COVID-19 has caused the world to pause, including car designers. What they have realized is that now more than ever, a swelling amount of people are viewing their car as their sanctuary. Consequently, designers are rethinking how that sanctuary will look in the future, and how to make it more sanctuary-like.
In the words of the designers
In an article posted this morning on Bloomberg, Gorden Wagener, Daimler’s head of design, was quoted as saying,
“The pandemic will change our perception of how we experience safety and luxury in the future,” Wagener says, predicting that the two will become much more intimately intertwined. “This can be a challenging but an exciting time.”
The article goes on to claim that a lot of the safety and luxury that is being considered for the future is related to the interior of vehicles. The same sentiment seems to be shared by Felix Kilbertus, head of exterior design for Rolls-Royce, who says,
“The future more than ever will be about the freedom of going places safely—and these cars will be more than ever about their interior.”
“An interior has always been a safe space—people will do all kinds of things in their car they won’t do on their own front lawn,” like hold business meetings, apply makeup, and, uh, pursue romance. “The idea of the interior as a grand sanctuary has become very relevant,” he explained. “I believe it is a transformation that this current situation accelerates.”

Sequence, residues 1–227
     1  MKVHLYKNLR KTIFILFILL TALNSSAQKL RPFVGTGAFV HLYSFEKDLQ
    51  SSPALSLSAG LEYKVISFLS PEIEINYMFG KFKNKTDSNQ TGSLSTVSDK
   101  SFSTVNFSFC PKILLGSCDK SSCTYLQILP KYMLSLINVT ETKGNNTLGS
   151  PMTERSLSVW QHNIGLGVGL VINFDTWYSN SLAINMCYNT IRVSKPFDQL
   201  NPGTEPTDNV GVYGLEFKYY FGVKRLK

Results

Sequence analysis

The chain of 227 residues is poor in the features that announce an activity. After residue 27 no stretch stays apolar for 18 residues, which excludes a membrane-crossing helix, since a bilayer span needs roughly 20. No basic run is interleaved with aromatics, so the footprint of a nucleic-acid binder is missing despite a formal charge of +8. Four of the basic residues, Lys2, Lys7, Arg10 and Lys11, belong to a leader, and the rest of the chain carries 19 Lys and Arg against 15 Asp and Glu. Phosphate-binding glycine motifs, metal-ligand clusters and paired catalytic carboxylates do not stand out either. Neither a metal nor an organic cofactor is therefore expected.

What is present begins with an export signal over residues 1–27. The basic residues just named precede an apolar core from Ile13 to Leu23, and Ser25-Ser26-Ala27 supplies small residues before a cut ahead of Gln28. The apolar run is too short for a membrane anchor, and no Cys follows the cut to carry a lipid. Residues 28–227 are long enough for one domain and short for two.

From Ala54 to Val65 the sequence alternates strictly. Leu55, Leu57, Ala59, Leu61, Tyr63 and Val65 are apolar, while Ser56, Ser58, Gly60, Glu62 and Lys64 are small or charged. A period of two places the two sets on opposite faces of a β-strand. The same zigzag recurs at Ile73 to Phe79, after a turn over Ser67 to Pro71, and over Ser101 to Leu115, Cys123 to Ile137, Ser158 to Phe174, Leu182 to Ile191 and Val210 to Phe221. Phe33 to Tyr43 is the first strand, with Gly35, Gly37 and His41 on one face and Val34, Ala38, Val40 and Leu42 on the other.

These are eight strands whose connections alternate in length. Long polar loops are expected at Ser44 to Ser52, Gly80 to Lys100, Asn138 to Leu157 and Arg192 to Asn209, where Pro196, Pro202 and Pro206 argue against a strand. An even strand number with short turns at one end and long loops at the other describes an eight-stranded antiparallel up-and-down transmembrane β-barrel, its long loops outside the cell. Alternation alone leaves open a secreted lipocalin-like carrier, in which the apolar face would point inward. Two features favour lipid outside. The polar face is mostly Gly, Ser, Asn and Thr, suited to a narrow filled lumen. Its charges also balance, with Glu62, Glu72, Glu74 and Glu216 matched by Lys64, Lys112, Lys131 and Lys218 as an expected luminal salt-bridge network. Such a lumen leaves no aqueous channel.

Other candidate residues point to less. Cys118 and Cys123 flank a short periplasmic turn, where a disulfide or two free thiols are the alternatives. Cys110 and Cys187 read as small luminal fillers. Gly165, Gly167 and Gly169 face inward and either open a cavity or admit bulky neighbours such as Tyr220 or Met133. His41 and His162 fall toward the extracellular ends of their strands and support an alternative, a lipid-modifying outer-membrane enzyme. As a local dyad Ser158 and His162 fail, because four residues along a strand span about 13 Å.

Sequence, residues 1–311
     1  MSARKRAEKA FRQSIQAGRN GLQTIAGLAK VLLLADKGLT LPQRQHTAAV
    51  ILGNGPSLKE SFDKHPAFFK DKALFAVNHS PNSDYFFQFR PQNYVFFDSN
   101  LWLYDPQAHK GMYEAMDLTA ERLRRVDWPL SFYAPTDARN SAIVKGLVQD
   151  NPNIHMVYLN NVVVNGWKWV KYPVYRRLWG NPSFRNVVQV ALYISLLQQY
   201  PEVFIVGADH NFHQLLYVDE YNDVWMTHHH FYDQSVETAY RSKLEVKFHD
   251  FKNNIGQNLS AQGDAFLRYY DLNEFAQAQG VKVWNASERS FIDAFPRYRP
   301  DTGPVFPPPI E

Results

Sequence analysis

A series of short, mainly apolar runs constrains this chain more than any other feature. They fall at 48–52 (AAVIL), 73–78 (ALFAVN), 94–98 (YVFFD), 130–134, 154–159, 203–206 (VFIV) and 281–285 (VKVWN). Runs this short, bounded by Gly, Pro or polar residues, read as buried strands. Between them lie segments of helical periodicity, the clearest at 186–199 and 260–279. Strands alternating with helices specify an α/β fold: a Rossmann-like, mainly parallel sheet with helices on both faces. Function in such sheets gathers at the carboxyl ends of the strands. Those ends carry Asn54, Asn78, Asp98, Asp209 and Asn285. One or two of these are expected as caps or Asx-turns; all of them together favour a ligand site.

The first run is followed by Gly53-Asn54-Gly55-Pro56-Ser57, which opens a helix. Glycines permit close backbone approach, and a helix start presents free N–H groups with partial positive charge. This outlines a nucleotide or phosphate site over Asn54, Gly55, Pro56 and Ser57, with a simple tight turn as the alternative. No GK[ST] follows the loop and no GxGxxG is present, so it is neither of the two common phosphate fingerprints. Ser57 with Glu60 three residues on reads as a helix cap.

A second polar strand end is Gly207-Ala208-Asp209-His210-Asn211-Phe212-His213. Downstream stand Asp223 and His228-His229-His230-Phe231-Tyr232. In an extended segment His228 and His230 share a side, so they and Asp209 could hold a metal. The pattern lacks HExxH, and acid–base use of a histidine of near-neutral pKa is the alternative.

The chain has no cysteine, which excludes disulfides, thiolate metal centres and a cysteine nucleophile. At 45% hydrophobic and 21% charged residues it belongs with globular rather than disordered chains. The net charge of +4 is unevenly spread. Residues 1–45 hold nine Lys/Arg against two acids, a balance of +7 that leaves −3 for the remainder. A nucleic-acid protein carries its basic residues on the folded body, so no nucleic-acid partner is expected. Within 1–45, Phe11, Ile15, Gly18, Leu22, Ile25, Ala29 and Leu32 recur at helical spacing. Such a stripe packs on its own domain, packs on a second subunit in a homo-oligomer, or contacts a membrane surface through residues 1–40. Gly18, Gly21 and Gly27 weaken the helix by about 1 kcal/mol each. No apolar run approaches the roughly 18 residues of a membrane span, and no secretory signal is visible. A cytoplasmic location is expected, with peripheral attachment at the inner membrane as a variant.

The safety cocoon
The notion is to make the car a proverbial safety cocoon for the physical body and the mind. Certainly, there are protective measures on the exterior of the vehicle to make it safe for the occupants such as crush zones, breakaway panels, etc., but the eye to the future dictates that the safety cocoon needs to be translated indoors as well. To that end, manufacturers started years ago, adding cabin filters to keep contaminants in the air to a minimum. Also, ambient lighting, massaging seats, and top-notch sound systems have all trickled down from higher-end cars.
For the mind too
The emphasis for the designers now, due to the Coronavirus fiasco, is to add greater privacy, better feeling surfaces, air ionizers, or negative ion-generators that filter out pollutants and kill mold and bacteria. In fact, the heating and air conditioning systems could be used to cleanse, or even scent, the air in the cabin. All these efforts would make the cabin a place for occupants to find peace of mind and body, an escape as it were, from the stress of the day, and the toxins that can infiltrate the being.
These sentiments of making the car the sanctuary are not far fetched. Millions of people, including myself, use a vehicle a personal getaway to reset. I will speak from my own experience that open road therapy is great when I get overwhelmed. Never underestimate the power of your favorite music playing loudly with the windows cracked open and a good road to corner through. But also, I have found it a place to contemplate the deeper things while I sit in the parking lot or driveway in silence under a starlit night. Some people are uncomfortable in silence. Some people need silence. The car can provide both. If the cabin were to be all the more comfortable and the air to be cleaner as is being suggested, I might stay in the car longer, or relax faster.